Children’s Books You Should Definitely Read As An AdultYou never really grow out of stories.

Just because someone doesn’t read us to sleep every night once we hit a certain age doesn’t stop that being true.

Books are written for all ages. People who don’t have time to commit to reading lots of novels, still had comics and short stories and movies and television at their disposal. Story telling is getting better with every passing day.

But sometimes – in fact, a lot of the time – people forget how much they love stories.

Then, it’s a good idea to go back to the first stories you loved. Children’s stories aren’t always just for children. They’re for the adults they grow into, as well.

The Little Prince, Antoine de Saint-Exupéry

Known far and wide as a classic staple of children’s literature, The Little Prince is – at its core – about relationships, about people and about how to get along, how to love one another. It sweet story, in places funny, in others heart breaking, and the emotional instinct is the same at any age. It observes humanity in a way that is both frank and touching, and the lessons are surely as valuable to adults as they are to children.

Coraline, by Neil Gaiman

The dark fantasy of Coraline is the kind of magic that appeals to people of all ages. Partially based on ancient mythologies, like much of Gaiman’s work, it tells the story of a gutsy girl who depends on her wits and her intelligence to get by. There aren’t many heroes like Coraline, but the world could definitely benefit from more of them and any life touched by her story will feel that boon.

The Giving Tree, by Shel Silverstein

As a writer, Shel Silverstein is known for his sweet, thoughtful children’s books. Really, you can’t go wrong with Silverstein if you’re looking for a simple yet moving story, but The Giving Tree is the one that stands out for a lot of people. A beautiful story of a simple relationship between a boy and his tree, it says a lot more about human relationships and altruism and selflessness than the vast majority of other literature.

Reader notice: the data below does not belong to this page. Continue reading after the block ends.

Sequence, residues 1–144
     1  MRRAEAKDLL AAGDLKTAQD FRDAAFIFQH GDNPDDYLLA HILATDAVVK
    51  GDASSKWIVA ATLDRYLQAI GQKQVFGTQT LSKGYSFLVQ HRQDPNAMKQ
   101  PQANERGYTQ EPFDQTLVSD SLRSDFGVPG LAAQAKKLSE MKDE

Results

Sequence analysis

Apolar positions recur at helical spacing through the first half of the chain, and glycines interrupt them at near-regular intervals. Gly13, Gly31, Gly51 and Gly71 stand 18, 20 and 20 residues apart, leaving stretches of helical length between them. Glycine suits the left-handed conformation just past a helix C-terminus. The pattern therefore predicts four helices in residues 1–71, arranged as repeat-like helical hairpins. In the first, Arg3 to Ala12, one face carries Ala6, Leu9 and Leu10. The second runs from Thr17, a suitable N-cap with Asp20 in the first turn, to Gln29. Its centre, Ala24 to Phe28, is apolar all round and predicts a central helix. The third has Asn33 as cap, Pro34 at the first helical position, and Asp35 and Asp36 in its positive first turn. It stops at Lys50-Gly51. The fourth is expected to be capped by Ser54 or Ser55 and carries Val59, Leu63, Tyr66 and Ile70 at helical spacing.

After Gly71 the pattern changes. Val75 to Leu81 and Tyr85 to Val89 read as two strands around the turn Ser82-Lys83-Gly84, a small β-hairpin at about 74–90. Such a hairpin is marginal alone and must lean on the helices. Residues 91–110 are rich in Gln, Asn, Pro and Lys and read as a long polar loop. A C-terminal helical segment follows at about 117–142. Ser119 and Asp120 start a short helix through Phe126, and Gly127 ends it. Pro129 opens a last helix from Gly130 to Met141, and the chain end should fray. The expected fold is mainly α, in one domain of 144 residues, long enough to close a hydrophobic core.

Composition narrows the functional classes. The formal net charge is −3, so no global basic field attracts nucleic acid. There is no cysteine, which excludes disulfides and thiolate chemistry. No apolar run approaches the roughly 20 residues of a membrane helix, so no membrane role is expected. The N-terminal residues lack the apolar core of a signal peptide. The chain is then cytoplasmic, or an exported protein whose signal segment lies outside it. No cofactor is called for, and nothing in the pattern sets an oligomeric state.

Alice in Wonderland, by Lewis Carroll

As a child, Alice in Wonderland is a fun fantastical story that sweeps you along on a journey from mythical, magical place to mythical, magical place. You let it carry you along, not caring what it means or where it’s taking you. It’s a dream. As an adult, everything takes on a whole new significance. Everything suddenly has layers upon layers of complexity and the depth of Alice’s character is starkly apparent. Her feelings, her fears, her anxiety is subtly woven into the story and far more noticeable when read as an adult.

The Twits, by Roald Dahl

And The BFG and George’s Marvellous Medicine and Matilda and probably most other things by Roald Dahl. He’s a very good writer. He has an excellent balance between humour and storytelling that appeals to young and old alike. He tells good stories and he tells them well and they leave them you feeling warm and glowing and optimistic about the world. The Twits, in particular, whilst being about roundly unpleasant people, is a happy story, which has a lot to say about goodness.

Your favourite

Whatever your favourite story was when you were a kid, it doesn’t matter what it was, relive it. It might be just because it’s a nice story that you like. Maybe you have fond memories of it because someone you love read it to you. It doesn’t matter. Read it again. Let it take you back to that place you first fell in love with it.

There are a million books that could go in this list based on what you learned from and what you loved. Go and rediscover that feeling. Then go and find something new to inspire you.

Kirstie Summers,

Daily Zen.

Author Bio – Kirstie Summers is journalist whose day job takes her to all the most interesting places and events in South London. She also freelances for a number of sites and publications, from gaming and literature reviews to creative fiction. She lives in London and spends as much of her free time as possible making the most of being in such a diverse city. She keeps one day a week to herself to swim, relax and keep the stress of the world at bay.

1 Comment

  • After reading Tao of Pooh, I have begun to read Winnie the Pooh and now The House at Pooh Corner for my daughter (mostly for myself) and we both love it. I love both books for their simplicity, and gracefulness.

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